Kiran Rao’s feature film debut was in 2010 with Dhobi Ghat, resulting in a 13-year gap until her next film, Lost Ladies. The new movie, premiering at the Toronto International Film Festival 2023, definitely one-ups her previous directorial, in a very interesting and fascinating way. Check out my Lost Ladies review to see why you should absolutely be waiting for this incredibly uplifting and persuasive film.
Please note that this Lost Ladies review is completely spoiler-free.
Lost Ladies Has A Simple Premise With Layers In Its Execution
Rao’s Lost Ladies (Laapataa Ladies in Hindi) is about two young women from rural India, who are arranged married, without much say of their own in the process. As is the norm in certain areas of India. During a long journey in a train full of newly married couples on their way to start their new life, the two women lose their husbands. This one mistake creates ripples in the lives of these two couples, as well as many others in their orbit.
On paper, Lost Ladies sounds like a mad-cap comedy about mistaken identity and all the hilariousness that ensues. But I’m so happy to discuss in this Lost Ladies review that the movie is anything but a comedy. There are a lot of light-hearted moments and wholesome sequences, making it a highly entertaining movie that is accessible to all. And it’s Rao’s genius in storytelling that also allows the film to discuss certain issues, without preaching to or lecturing the audience.
Lost Ladies Review Is Completely Spoiler-Free
In many ways, Lost Ladies does what Barbie did this summer in Hollywood. It features an inciting incident that is outrageous but uses it to discuss social issues like women’s rights and patriarchy in a way that is entertaining and engaging, without becoming a PSA. Rao is able to package Lost Ladies with relatable characters, a sweet love story and so much heart. All the while discussing topics that can be labelled feminist, by those who use the word derogatorily.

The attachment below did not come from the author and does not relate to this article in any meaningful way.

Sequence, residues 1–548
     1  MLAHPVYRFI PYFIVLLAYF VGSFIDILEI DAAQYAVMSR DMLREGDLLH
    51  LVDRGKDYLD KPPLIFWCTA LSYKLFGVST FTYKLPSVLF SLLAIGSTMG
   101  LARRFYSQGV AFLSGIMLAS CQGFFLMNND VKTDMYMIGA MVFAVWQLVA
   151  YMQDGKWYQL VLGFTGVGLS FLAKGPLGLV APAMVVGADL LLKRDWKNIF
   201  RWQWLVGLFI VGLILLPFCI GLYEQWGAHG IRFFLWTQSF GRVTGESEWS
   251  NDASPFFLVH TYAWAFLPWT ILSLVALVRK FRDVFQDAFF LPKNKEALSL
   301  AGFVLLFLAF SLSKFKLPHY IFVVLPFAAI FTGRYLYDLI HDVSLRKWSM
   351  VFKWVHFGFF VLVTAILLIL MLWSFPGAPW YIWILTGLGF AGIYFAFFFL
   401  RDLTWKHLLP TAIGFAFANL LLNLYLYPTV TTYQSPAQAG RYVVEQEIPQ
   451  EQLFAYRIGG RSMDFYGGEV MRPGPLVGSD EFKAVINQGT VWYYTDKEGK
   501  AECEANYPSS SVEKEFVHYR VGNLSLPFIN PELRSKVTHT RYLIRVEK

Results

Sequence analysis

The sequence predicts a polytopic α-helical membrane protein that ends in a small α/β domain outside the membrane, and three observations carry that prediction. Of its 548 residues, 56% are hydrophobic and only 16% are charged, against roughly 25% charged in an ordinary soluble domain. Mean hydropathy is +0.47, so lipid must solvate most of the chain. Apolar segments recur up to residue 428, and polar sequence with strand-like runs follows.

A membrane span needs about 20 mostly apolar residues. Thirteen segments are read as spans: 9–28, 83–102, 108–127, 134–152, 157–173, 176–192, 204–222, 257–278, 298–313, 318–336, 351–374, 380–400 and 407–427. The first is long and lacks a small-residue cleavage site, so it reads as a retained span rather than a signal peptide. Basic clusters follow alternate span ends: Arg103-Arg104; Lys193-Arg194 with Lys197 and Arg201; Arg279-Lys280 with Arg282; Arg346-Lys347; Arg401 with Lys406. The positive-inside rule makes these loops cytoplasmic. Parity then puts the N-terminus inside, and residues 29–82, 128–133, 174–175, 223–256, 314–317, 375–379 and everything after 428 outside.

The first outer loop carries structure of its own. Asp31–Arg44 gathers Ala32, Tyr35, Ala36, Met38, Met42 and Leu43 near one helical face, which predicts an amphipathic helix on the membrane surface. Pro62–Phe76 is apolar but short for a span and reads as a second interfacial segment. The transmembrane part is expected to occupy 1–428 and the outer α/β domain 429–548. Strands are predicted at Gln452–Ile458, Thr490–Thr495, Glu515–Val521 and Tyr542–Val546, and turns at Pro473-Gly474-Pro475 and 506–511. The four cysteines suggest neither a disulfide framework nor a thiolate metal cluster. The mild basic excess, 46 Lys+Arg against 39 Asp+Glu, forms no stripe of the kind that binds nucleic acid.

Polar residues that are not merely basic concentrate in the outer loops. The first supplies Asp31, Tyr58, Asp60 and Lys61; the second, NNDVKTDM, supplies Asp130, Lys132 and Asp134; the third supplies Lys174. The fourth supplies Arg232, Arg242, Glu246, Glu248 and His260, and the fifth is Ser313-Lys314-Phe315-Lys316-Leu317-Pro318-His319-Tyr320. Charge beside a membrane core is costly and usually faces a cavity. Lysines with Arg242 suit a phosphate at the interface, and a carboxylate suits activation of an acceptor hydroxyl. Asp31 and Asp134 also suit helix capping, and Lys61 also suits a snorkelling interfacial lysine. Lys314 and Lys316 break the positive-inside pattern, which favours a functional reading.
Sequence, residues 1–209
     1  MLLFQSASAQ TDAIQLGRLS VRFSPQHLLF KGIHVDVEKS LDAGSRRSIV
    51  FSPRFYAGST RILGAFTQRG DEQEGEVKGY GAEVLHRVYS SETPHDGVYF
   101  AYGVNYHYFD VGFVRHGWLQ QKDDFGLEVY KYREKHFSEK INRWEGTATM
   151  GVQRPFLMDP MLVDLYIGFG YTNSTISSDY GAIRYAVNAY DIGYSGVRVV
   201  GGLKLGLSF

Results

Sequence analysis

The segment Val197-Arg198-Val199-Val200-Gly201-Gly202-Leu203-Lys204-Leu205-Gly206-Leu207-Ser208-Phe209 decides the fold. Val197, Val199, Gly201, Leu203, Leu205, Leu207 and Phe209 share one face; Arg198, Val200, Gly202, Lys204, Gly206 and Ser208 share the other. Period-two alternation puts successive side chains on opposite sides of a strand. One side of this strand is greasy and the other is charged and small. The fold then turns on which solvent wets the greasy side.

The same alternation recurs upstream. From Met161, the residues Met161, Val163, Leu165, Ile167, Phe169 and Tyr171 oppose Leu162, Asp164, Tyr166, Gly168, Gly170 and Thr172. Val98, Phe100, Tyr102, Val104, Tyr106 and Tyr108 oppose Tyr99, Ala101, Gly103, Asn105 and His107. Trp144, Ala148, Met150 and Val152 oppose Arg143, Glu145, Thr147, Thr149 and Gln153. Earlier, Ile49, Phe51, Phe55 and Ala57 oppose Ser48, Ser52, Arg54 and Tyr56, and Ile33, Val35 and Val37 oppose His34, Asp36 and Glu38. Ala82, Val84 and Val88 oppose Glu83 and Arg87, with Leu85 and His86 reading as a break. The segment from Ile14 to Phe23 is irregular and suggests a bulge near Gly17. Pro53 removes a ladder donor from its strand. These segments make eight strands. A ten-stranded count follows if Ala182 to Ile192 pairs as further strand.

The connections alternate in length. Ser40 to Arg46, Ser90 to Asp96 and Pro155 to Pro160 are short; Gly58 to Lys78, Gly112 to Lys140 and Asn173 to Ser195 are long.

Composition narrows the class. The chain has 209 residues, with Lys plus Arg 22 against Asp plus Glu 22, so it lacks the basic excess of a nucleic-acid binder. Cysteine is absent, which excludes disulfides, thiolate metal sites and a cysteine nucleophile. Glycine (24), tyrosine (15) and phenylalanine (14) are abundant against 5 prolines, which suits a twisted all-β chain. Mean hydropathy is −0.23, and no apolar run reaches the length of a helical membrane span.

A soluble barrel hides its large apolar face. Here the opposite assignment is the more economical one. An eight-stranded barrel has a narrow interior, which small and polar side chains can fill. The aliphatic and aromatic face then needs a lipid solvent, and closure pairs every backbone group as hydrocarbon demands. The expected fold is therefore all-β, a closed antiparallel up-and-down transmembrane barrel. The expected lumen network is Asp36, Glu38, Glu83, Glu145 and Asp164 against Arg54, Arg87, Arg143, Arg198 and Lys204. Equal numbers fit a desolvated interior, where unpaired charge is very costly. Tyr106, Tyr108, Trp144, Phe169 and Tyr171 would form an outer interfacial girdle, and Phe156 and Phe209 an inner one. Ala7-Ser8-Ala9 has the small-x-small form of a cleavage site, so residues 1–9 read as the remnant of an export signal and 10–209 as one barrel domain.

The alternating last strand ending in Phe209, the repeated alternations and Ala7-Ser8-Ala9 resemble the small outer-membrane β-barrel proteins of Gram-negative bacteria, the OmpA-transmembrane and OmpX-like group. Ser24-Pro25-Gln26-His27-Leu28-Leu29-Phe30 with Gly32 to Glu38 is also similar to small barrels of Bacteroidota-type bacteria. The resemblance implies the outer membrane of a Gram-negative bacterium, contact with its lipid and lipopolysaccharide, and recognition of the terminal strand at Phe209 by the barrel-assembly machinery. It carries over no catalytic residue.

The story is about Phool (Nitansh Goel) and Jaya (Prabhita Ranta), two women who, through this devastating misadventure of being without their husbands, learn about the world and their place in it. While Phool represents the innocence of young women who become indoctrinated with sexist and misogynistic values that are prevalent in society, Jaya rages against that system.
Through these two characters, writers Sneha Desai and Biplab Goswami showcase the plight of women in Indian society, without the heavy-handed-ness that usually accompanies that message. Through Jaya, Desai and Goswami use the established stereotypes and society’s rules about women, to her advantage, navigating this male-centric world she finds herself in.
Successfully Blending Entertainment And Awareness Of Important Issues
Rao is also able to direct this young cast of immensely talented actors, getting some of the best performances I’ve seen out of them. Deepak (Sparsh) is wonderful as the husband who genuinely loves his new wife and is absolutely shattered when he loses her. And Goel amazingly portrays the innocence of Phool without getting cliched or too overbearing. And Ranta as Jaya is so powerful and commanding, and gives Jaya a lot of agency and drive. It’s on the backs of these performances that Lost Ladies is compelling, emotional and just an incredible experience.
Supporting the young cast is veteran actor Ravi Kishen as the police officer assigned to this case of the lost ladies. Kishen shines in a role that he truly makes his own, as the veteran local cop who tries to find his own benefit in every case that comes across his desk.
Kiran Rao Creates Another Masterpiece Of Cinema With Lost Ladies
At the end of the day, my overall impression in this Lost Ladies review is that Kiran Rao needs to direct more films. Both Dhobi Ghat and Lost Ladies are what I would consider masterpieces of cinema. While the former has a devastating ending, the latter is a lot more uplifting and hopeful, while still depicting the harsh realities of the world. It’s a highly entertaining movie that can appeal to all audiences, of all ages.
Lost Ladies premiered at the Toronto International Film Festival 2023.
The film releases in theatres on January 5, 2024.
Are you excited to check out Rao’s second film Lost Ladies? Let me know in the comments below and follow me on Twitter (X) at @theshahshahid for more TIFF ’23 coverage and reviews.
TIFF ’23: LOST LADIES Portrays Women’s Empowerment Without Actively Preaching It
- Acting - 9.5/109.5/10
- Cinematography/Visual Effects - 8/108/10
- Plot/Screenplay - 9.5/109.5/10
- Setting/Theme - 9/109/10
- Watchability - 10/1010/10
- Rewatchability - 8.5/108.5/10